Skip to main content

The Role of CD8+ T Cell Soluble Factors in Human Immunodeficiency Virus Infection

Buy Article:

$63.00 plus tax (Refund Policy)


Cell-mediated immune responses are important for the control of HIV replication in vivo. Cytotoxic CD8+ T cells (CTL) recognize and kill HIV-infected cells which display MHC class-I proteins. In addition to the recognition and killing of infected cells, CD8+T cells can interfere with stages of the HIV life-cycle. Chemokines produced by CD8+ T cells bind to their seven-transmembrane G protein-coupled receptors resulting in a block in the entry of HIV into macrophages and T cells. In addition, activated CD8+ T cells produce factors which strongly modulate HIV at the level of transcription. This review will focus primarily on the current knowledge of the multifactorial functions of CD8+ T cells in HIV infection. An understanding of the mechanisms involved in the CD8-mediated control of transcription may identify other factors with potential value in the treatment of HIV infection.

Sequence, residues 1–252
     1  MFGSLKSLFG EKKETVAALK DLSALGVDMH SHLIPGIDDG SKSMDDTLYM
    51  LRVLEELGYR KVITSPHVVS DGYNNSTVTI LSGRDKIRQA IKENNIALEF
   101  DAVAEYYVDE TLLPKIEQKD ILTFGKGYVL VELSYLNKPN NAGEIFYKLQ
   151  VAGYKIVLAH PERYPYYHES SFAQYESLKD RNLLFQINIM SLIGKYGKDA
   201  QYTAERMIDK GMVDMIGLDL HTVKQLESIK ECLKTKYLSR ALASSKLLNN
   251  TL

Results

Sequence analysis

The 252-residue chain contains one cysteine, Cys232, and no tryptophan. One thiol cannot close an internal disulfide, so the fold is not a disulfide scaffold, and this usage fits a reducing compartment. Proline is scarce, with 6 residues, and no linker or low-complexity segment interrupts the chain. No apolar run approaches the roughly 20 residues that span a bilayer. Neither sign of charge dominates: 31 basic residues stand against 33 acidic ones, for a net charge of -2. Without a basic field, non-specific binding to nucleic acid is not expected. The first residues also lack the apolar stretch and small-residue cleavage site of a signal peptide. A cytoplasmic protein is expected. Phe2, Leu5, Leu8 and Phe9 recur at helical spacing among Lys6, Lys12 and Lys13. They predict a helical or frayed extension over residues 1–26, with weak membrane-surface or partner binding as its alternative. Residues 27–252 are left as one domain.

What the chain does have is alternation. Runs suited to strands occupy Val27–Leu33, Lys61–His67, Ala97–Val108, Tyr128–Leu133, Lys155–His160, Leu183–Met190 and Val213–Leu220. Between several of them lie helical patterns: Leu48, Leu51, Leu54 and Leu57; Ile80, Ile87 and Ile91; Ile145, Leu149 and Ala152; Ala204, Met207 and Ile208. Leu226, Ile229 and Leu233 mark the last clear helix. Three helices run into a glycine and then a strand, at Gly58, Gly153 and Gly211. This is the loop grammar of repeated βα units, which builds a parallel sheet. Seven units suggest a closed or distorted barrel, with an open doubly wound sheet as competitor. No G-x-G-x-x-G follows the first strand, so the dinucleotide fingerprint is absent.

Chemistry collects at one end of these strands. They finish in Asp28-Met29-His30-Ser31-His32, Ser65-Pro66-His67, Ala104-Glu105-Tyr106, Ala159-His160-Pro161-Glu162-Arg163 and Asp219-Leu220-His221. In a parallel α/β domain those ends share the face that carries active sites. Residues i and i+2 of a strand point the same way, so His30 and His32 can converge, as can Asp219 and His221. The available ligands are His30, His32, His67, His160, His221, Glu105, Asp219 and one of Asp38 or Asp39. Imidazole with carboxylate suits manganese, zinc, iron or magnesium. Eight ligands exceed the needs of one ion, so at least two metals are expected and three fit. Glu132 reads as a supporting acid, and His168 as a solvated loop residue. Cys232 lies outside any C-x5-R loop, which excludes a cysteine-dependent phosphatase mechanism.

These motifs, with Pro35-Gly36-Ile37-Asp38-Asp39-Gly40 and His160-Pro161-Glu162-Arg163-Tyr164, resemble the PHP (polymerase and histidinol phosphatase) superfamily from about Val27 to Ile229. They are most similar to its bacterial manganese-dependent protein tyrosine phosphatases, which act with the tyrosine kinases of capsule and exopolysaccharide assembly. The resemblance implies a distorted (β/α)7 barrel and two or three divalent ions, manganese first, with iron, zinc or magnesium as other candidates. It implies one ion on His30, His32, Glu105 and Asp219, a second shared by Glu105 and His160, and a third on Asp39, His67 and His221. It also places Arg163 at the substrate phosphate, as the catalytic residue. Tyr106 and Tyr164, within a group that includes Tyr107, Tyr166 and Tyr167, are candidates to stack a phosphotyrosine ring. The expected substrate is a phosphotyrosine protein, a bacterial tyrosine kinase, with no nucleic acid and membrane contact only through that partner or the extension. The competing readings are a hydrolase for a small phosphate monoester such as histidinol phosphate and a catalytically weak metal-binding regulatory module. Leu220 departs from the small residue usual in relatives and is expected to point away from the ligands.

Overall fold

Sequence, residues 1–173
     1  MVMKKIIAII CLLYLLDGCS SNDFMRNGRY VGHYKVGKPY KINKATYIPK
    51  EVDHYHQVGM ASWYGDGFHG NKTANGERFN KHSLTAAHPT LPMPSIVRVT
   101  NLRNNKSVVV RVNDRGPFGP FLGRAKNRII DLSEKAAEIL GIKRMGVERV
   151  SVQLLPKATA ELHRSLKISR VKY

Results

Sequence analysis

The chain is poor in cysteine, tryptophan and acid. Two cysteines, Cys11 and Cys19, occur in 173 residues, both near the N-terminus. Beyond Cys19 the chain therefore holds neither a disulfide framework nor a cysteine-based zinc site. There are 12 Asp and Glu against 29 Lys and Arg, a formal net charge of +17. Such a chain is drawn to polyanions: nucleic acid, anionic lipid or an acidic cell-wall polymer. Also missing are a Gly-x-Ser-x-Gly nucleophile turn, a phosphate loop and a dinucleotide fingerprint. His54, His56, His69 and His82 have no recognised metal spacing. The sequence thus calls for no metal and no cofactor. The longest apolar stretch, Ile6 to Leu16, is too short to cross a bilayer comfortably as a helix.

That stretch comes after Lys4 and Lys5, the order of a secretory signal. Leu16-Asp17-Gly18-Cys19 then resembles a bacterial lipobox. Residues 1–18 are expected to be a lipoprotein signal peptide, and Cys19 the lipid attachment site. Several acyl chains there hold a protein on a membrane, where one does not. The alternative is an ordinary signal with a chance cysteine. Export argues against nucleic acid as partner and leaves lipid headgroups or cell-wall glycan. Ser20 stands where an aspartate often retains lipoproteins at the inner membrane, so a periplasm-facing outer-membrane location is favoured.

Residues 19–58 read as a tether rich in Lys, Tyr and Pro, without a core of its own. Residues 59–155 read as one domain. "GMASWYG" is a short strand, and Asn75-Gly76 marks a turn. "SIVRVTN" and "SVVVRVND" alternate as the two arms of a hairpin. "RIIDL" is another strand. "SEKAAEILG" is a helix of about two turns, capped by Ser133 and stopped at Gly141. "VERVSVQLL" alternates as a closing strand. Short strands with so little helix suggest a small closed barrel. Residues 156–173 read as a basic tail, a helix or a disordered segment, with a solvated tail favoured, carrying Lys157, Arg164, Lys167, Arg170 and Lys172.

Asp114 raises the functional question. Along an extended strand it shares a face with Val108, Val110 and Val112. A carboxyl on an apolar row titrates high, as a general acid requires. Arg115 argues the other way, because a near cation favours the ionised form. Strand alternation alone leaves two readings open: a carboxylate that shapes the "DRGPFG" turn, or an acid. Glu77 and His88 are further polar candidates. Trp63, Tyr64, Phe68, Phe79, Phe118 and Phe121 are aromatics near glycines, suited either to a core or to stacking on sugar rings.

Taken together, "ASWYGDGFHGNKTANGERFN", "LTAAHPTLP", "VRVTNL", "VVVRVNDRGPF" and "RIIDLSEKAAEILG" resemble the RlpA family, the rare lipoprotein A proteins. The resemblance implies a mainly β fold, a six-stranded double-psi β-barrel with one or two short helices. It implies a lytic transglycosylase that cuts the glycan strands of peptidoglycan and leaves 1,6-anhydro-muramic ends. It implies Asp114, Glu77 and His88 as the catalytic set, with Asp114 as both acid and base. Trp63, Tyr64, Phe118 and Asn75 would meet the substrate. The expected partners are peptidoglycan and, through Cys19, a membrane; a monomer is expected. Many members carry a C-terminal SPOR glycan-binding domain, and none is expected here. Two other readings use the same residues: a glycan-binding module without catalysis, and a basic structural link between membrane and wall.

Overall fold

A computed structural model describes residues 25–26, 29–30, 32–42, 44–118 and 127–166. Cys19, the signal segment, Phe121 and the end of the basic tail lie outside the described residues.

Keywords: HIV-1; antiviral; non-lytic; replication; transcription

Document Type: Review Article


Publication date: October 1, 2002

More about this publication?
  • Current Medicinal Chemistry covers all the latest and outstanding developments in medicinal chemistry and rational drug design. Each issue contains a series of timely in-depth reviews written by leaders in the field covering a range of the current topics in medicinal chemistry. Current Medicinal Chemistry is an essential journal for every medicinal chemist who wishes to be kept informed and up-to-date with the latest and most important developments.

Access Key

Free Content
Free content
New Content
New content
Open Access Content
Open access content
Subscribed Content
Subscribed content
Free Trial Content
Free trial content
Cookie Policy
Cookie Policy
ingentaconnect website makes use of cookies so as to keep track of data that you have filled in. I am Happy with this Find out more